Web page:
On the Bangor minesweeper, we had a three inch gun up in the forward deck and I think it was a World War I gun and back aft, in what we called the bandstand, we had twin machine guns, Lewis guns, and they were from World War I. So if we ever met a well armed Japanese submarine, we wouldn’t have stood a chance.
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I was one of the fortunate ones, I think there were six of us that went out to Royal Roads [a military college in British Columbia] and that was, we went on active service May 1941. We commissioned a minesweeper, a Bangor-class minesweeper up in Prince Rupert, HMCS Kelowna and when Pearl Harbor happened, we were minesweeping the shipping channels and anti-submarine work and escorting the few ships up to Alaska and it was pretty miserable weather up there at that time. And we anticipated that there might be a big flare up of submarine warfare but the only thing that happened, one submarine torpedoed a ship out in Juan de Fuca Strait and it didn’t sink her and she was towed in and she didn’t sink. And then a submarine, maybe it was the same submarine, shelled Estevan lighthouse and that was about it. But when I stop and think about it, the way our armament and everything else was pretty antiquated. On the Bangor minesweeper, we had a three inch gun up in the forward deck and I think it was a World War I gun and back aft, in what we called the bandstand, we had twin machine guns, Lewis guns, and they were from World War I. So if we ever met a well armed Japanese submarine, we wouldn’t have stood a chance.
And incidentally, when Pearl Harbor did happen, when I was still in the examination service, we got involved in rounding up the Japanese fishing boats. And of course, they took all their boats away from them and even if they were Canadian citizens. And we had to board these and look at their, they had a white card you were born in Canada, yellow card you were an alien, born in Japan. It wasn’t very nice duty to see fellow citizens sent to camps in the Rockies somewhere. And their livelihood taken away from them.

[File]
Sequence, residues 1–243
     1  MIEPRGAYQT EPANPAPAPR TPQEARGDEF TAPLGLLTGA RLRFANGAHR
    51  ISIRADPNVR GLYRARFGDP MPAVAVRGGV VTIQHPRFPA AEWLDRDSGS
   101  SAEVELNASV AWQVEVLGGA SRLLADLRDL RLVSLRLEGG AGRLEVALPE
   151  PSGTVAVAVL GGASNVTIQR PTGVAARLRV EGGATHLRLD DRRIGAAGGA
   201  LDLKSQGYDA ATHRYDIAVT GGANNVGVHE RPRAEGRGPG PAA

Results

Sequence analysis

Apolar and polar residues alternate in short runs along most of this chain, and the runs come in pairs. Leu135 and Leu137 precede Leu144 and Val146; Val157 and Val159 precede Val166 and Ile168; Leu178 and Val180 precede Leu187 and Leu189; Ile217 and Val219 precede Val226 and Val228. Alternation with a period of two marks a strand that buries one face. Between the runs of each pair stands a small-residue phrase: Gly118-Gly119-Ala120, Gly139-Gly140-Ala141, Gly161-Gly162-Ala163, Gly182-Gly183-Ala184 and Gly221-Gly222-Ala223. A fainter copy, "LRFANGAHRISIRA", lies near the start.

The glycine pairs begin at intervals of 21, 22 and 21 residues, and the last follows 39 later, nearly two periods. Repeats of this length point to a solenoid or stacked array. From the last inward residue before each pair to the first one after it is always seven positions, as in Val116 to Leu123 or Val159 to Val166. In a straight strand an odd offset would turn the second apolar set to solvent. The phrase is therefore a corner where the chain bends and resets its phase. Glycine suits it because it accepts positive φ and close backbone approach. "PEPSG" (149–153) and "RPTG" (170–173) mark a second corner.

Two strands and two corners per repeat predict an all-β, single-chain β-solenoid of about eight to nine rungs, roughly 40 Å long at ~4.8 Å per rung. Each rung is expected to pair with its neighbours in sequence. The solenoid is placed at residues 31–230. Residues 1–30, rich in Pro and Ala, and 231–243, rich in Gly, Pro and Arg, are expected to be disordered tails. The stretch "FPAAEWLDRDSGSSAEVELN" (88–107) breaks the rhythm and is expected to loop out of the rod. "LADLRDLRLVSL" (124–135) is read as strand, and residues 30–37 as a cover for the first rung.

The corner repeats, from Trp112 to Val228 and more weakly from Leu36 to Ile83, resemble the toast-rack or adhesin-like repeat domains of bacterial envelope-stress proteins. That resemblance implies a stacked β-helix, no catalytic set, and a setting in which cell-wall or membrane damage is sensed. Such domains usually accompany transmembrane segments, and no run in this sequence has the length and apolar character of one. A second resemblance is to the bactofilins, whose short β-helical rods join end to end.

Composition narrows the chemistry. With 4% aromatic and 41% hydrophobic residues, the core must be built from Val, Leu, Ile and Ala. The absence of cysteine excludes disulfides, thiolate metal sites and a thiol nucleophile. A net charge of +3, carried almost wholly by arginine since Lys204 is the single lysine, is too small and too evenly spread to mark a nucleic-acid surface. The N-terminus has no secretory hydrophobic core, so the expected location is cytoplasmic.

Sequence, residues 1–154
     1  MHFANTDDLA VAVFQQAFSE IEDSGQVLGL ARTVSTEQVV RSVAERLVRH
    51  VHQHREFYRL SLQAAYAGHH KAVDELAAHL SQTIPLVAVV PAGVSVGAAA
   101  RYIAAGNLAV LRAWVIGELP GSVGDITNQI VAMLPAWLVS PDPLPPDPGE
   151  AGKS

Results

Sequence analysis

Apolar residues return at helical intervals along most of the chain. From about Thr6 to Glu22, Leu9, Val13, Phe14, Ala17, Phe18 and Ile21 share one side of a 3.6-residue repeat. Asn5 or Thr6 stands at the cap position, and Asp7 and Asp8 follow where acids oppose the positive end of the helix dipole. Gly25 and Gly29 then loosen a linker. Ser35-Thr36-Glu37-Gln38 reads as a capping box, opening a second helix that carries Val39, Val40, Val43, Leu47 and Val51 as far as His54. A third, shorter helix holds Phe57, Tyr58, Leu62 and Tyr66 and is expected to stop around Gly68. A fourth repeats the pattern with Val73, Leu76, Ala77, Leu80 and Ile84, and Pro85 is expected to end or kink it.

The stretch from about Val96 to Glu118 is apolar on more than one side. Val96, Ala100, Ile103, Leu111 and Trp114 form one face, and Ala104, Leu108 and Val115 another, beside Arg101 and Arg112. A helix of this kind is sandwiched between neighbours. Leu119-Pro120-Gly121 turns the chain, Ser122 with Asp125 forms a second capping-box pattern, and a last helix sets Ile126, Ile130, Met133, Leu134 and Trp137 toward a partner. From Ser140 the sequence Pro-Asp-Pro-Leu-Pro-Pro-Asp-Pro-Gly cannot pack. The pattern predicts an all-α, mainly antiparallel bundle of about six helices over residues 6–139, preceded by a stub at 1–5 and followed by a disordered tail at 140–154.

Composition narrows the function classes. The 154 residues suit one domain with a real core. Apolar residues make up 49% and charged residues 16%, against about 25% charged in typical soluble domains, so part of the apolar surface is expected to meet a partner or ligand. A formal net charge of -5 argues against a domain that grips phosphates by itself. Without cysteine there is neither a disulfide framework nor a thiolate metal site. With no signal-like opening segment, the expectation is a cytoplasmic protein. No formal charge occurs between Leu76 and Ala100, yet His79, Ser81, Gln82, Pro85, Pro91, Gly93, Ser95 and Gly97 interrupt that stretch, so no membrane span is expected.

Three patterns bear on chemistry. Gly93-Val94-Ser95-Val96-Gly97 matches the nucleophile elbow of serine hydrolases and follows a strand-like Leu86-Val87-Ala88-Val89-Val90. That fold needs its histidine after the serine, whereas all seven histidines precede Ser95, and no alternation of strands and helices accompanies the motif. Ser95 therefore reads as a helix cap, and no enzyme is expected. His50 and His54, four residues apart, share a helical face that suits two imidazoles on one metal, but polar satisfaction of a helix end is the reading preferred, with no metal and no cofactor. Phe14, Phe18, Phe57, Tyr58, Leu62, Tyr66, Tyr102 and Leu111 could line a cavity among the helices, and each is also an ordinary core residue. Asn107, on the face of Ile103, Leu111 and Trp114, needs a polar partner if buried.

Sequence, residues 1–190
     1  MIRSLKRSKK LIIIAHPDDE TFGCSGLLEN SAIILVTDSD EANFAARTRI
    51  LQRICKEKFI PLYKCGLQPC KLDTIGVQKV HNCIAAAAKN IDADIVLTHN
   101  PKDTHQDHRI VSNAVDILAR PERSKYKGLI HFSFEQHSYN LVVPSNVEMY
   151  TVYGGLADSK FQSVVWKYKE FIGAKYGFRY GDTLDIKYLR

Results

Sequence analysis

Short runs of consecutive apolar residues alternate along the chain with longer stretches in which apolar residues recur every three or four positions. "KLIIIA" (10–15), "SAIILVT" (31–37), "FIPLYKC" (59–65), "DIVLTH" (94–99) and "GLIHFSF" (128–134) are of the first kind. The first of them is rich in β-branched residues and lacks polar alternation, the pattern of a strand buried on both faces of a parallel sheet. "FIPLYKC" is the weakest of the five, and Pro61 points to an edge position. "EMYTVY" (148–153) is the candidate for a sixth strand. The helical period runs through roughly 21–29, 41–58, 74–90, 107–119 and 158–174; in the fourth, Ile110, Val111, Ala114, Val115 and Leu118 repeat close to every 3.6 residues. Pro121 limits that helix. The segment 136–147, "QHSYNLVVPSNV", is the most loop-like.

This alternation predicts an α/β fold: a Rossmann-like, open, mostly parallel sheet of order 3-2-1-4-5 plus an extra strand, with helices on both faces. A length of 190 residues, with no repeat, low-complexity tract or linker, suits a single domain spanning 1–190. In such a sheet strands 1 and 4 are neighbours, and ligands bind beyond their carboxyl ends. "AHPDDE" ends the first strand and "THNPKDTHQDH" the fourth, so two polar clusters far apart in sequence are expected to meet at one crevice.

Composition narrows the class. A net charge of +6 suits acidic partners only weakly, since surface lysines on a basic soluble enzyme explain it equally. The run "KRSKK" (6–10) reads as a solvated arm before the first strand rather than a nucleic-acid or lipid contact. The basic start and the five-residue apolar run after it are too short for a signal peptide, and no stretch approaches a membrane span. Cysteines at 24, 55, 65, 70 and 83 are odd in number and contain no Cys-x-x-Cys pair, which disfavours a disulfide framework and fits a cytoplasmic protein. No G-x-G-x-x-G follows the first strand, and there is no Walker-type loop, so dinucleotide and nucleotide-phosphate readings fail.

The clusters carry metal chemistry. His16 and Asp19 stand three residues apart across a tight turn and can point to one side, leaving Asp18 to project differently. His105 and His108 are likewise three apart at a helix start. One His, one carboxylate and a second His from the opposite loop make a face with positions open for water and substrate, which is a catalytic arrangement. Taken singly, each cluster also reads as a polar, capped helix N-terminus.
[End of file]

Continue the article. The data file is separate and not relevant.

It was latter part of 1942 I wanted to get to the east coast where things were happening. So I applied for a specialist course in anti-submarine work and I got transferred. But I didn’t really want to specialize. And when I got to Halifax, I had that changed and they appointed me to a new construction Fairmile sub-chaser. Now these Fairmiles were, I think they were 112 or 115 feet long and weighed approximately 100 tons. And there were six ships to a flotilla. And they’re all young officers like myself in their early 20s and so I went up to Midland, Ontario, where the Q-097 was being built and the skipper was Llewellyn Petley-Jones, a heck of a damn good officer. And I was on that ship for I guess almost a year. And that’s when I finally got tired of getting battered, I wanted a bigger ship, so I applied to get to a corvette and lo and behold, I was appointed to HMCS Sackville, which is now our naval memorial trust [in Halifax, Nova Scotia]. And I joined her down in Galveston, Texas, where she was being refitted and like a lot of the ships in east coast shipyards getting ready for the invasion.
The latter part of the war, when I joined there, I was anti-submarine officer, ASDIC [sonar] control they called it. And then we cracked a boiler when we were overseas, that was due to the original construction. And we came back to Canada and the captain and our first lieutenant, they went to a new frigate and I took over as executive officer, first lieutenant.